Even writers who have zero interest in horses, if they’re writing in a setting that features equines at all, can be persuaded to take an interest in the clothes people wear on and around the big scary animals. The history of riding apparel is long, varied, and full of bizarre fashion statements, but at base it is, and must be, functional. Whatever the color, cut, or ornamentation, the outfit has to work for its living, and that means certain essential requirements have to be met.
First of all, horses are large, can be clumsy, and one of those hooves lands on your foot, you know it. So, the rider’s outfit begins with a pair of good, sturdy shoes or boots. Cowboy boots evolved their familiar shape for solid functional reasons. The narrow toes fit easily into the stirrups, but the heels keep the foot from sliding all the way through and getting caught, which can be catastrophic if the horse throws you (getting dragged is not good for any part of the draggee). Most stirrup-using cultures feature a riding boot with some kind of heel, for the rider’s safety. Cultures without stirrups don’t suffer from those restrictions, though bare feet or sandals don’t mix well with horses’ hooves.
The riding boot will tend to be at least ankle height for functional reasons. Slippers or sneakers can come off, but a boot or shoe that goes up past the ankle will tend to stay on. It also supports the ankle and gives the rider more oomph in use the leg to direct the horse. If the rider wears spurs–and a cowboy may wear a highly ornamented set, much like a medieval knight–the boot offers a secure surface to strap the spurs to.
English riding boots–the familiar tall black (or brown) stovepipe style that goes in and out of street fashion–perform a similar function. The stiff, tall leg of the boot goes along with the style of riding, which relies quite a bit on application of the lower leg for direction and stability. The heel is relatively small–half an inch or so–in keeping with the restraint of the overall attire. A modern variation, now even show-legal, is a set of paddock shoes (old-fashioned leather lace-up or pull-on ankle boots) and a pair of half chaps or gaiters–leather or suede leg wraps that slip on over the shoes, are held in place at the bottom by a strap, and zip, button, or velcro up the leg to the knee. The full version of this, the cowboy’s chaps, not only protects his tender bits from the rubbing of the saddle, but also guards his legs against weather, spiny vegetation, and animal attack.
What the rider wears above the boots will vary widely according to taste and discipline, but again, form arises from function. The long, flowing skirt of the old-style riding habit is beautiful and elegant, but it also provides the rider’s legs with full coverage, and is unlikely to flip up at she clears a fence or rides a good gallop. Very important for modesty, that. The heavy fabric serves as padding, because if there’s one thing riding is about, it’s friction. You need a degree of it to stay in the saddle, but beyond a certain point, well, ow.
Those who ride astride will default to trousers of some sort fairly quickly–witness the ancient Scythians and Persians, though the Greeks clung to their tunics with masochistic persistence. The first place a pair of riding pants will wear out is the seat and crotch. Then the knees. Leather breeches, sweat factor aside, make sense in terms of durability. Modern versions have leather seats (deerskin for choice) and fabric everything else, which is a good compromise.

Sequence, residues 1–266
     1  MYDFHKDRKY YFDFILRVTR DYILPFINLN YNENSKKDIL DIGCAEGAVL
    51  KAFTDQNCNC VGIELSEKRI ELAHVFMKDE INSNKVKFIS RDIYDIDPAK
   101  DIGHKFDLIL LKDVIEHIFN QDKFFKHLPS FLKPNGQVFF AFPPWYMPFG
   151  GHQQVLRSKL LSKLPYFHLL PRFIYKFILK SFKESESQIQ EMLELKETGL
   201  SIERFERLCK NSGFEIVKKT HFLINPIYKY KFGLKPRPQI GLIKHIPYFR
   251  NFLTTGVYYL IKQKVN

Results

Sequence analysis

Jeans made the old way, with solid stitching and rivets, were originally designed to ride in. The inside seams can rub ferociously, but that can be got around by going to flat seams. If the jeans are too tight, like any other riding pants, they will split–and in an embarrassing location, too. Modern stretch jeans get around this, as do the many variations of English riding breeches and tights (yes, even men will ride in tights). In older settings, looser cut especially in the crotch and seat allows for the rider’s need to move freely in the saddle.
The rest of the outfit has a lot more scope for variation, since it’s not in direct contact with the horse. Strictly functional shirts, tunics, jackets, doublets, etc. will have a minimum of moving parts and dangling bits, though ceremonial outfits can pull out every possible stop. Like, for example, this. That’s the American interpretation of Arab “native” costume, i.e. bells, dangles, and tassels galore. And then there’s this: modern Western show costume, in which one’s love of sequins, glitter, and bling get to show themselves off–coordinated, of course, with the horse’s coat color and accessories.
Even the relative simplicity of English riding gear has its moments. High-level riders in dressage and eventing will show up in top hats and tails–and although a wild color statement is a navy coat or a set of lavender points on the waistcoat, the rider might sneak in a few discreet colored crystals on the stirrups or the horse’s headstall. You really can’t keep the human love of shiny things down.
And finally, of course, headgear. Culture and fashion will determine what a rider wears on his or her head, from a ten-gallon hat to a formal top hat to an Eastern turban. Modern obsession with safety means that in the US and in parts of Europe especially, riders wear a variation on the design of a bicycle helmet, designed to protect the cranium from a fall from a much greater height and with correspondingly greater force. Originally worn by race jockeys and cross-country jumpers, the safety helmet has slowly crept through the discplines, so that there’s even a version that fits under a cowboy hat–though the top hats and derbies of the show riders remain determinedly un-safety-fied.